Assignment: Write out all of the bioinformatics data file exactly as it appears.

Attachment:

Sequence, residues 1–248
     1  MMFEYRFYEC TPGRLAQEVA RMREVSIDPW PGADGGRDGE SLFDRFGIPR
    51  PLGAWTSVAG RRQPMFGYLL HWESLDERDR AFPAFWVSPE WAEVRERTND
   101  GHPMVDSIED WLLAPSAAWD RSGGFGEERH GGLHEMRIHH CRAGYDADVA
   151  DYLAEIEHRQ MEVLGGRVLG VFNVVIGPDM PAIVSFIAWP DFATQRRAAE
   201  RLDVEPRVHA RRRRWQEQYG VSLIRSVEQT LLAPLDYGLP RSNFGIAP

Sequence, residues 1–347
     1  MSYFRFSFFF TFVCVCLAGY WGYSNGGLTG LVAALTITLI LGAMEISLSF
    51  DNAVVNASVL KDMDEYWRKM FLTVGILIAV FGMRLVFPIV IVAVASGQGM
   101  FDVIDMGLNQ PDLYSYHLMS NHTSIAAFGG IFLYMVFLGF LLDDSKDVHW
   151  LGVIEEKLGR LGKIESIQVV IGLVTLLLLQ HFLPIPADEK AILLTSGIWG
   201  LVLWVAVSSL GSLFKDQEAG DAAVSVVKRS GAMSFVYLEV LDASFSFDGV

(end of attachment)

Sequence, residues 1–248
     1  MMFEYRFYEC TPGRLAQEVA RMREVSIDPW PGADGGRDGE SLFDRFGIPR
    51  PLGAWTSVAG RRQPMFGYLL HWESLDERDR AFPAFWVSPE WAEVRERTND
   101  GHPMVDSIED WLLAPSAAWD RSGGFGEERH GGLHEMRIHH CRAGYDADVA
   151  DYLAEIEHRQ MEVLGGRVLG VFNVVIGPDM PAIVSFIAWP DFATQRRAAE
   201  RLDVEPRVHA RRRRWQEQYG VSLIRSVEQT LLAPLDYGLP RSNFGIAP

Sequence, residues 1–347
     1  MSYFRFSFFF TFVCVCLAGY WGYSNGGLTG LVAALTITLI LGAMEISLSF
    51  DNAVVNASVL KDMDEYWRKM FLTVGILIAV FGMRLVFPIV IVAVASGQGM
   101  FDVIDMGLNQ PDLYSYHLMS NHTSIAAFGG IFLYMVFLGF LLDDSKDVHW
   151  LGVIEEKLGR LGKIESIQVV IGLVTLLLLQ HFLPIPADEK AILLTSGIWG
   201  LVLWVAVSSL GSLFKDQEAG DAAVSVVKRS GAMSFVYLEV LDASFSFDGV